Somewhere between “Moneyball” and “Freakonomics” lies Simon Kuper’s “Soccernomics”. A brilliant and informative look at the business of soccer.
“If you’re a football fan, I’ll save you some time: read this book … compulsive reading … thoroughly convincing.”
You could call it the “Moneyball” of soccer, but it’s more than that. While “Moneyball” focused on baseball at a micro level, “Soccernomics delves into soccer at a global level. What we have is an in depth analysis written from the perspective of an economist. Simon Kuper and Stefan Szymanski explore and shatter the preconceived notions of soccer.
In the first part, Kuper examines the major clubs. he breaks down the transfer market and shows us just how silly it really is. Furthermore he makes the case that soccer is not the big business it’s made out to be. In fact, it may be the worst business in the world. He also examines how Olympique Lyon rose from a second division team in France to the Ligue 1 Champions.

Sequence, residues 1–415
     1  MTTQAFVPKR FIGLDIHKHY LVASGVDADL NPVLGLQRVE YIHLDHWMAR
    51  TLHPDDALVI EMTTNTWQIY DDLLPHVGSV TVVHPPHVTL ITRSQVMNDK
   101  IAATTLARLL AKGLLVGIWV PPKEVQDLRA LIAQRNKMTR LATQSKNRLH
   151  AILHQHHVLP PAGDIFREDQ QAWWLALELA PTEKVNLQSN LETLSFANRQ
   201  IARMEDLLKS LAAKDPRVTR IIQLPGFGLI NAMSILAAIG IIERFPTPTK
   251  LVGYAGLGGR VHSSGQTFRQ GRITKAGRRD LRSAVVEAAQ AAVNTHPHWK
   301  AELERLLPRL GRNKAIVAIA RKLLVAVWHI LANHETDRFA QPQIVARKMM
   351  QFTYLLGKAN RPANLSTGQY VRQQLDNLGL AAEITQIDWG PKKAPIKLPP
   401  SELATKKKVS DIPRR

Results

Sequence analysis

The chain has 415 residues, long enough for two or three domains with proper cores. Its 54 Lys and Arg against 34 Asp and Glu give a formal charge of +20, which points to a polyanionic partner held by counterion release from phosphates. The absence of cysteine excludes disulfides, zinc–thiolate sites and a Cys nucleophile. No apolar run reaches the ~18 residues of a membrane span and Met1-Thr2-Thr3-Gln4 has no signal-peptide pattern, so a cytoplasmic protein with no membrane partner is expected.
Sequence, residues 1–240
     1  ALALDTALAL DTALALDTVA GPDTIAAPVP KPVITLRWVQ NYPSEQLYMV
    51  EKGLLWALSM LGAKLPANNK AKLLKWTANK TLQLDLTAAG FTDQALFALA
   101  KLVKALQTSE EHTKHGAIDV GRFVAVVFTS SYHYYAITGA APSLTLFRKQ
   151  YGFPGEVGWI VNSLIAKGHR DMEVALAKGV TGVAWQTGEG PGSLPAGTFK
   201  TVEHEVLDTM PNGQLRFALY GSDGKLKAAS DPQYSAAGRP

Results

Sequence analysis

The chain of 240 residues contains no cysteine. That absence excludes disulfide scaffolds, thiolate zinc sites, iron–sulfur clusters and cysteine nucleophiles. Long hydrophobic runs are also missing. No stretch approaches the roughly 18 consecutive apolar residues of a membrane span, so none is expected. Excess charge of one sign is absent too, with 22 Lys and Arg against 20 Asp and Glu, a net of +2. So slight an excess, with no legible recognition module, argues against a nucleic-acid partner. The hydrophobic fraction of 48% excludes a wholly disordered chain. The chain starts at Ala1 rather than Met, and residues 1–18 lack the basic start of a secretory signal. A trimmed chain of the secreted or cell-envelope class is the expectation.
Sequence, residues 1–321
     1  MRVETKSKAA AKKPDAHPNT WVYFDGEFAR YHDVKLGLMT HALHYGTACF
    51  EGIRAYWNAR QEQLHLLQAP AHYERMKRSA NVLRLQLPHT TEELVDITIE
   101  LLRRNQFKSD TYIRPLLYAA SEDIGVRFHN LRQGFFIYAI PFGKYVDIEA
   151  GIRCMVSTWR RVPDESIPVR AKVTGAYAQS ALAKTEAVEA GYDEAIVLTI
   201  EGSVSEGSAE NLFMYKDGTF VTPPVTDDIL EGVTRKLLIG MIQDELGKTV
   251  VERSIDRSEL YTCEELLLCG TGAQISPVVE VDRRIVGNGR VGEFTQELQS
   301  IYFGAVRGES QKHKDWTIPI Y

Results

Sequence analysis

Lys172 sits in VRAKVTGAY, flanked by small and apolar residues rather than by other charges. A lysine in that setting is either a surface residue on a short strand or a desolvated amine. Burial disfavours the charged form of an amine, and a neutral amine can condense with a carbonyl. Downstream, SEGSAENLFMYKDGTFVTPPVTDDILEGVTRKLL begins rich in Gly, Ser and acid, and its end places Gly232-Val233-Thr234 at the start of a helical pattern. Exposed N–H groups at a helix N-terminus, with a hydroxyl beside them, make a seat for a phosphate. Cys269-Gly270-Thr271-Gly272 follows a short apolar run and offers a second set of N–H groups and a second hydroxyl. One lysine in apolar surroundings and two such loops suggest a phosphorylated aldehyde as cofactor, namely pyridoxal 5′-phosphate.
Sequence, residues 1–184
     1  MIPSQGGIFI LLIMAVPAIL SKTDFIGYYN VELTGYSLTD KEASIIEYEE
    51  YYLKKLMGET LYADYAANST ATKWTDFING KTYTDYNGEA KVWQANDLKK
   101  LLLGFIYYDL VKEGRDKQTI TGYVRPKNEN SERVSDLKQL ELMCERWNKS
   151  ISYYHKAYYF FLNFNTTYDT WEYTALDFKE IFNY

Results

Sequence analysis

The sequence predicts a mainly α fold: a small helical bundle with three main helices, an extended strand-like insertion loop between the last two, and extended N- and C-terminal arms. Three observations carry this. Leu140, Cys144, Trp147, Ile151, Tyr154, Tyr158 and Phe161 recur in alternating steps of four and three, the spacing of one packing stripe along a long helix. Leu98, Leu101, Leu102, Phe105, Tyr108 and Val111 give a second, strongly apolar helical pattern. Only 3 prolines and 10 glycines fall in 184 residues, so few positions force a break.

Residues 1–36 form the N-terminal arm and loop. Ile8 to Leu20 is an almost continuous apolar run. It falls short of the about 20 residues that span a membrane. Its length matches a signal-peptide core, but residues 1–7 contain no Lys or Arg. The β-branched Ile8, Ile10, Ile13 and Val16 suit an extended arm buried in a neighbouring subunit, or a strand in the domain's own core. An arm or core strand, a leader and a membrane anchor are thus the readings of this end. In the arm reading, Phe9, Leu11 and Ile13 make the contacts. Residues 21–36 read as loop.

The second part addresses the fans themselves. Are they as a loyal as they claim to be? Or do fans treat soccer teams like a store rather than a religion? One of the most interesting sections in this part is the correlation between happiness, suicide and the fans.
The final part deals with the countries. All things considered, who is the best at soccer? The answer may surprise you. And while we all love to see the story of the poor kid who made it big in soccer, Kuper argues that this is an exception and not the rule in soccer.
All in all, this is by far the best book I have read concerning soccer. The results and analysis will surprise you. but it will give you a better understanding of the beautiful game.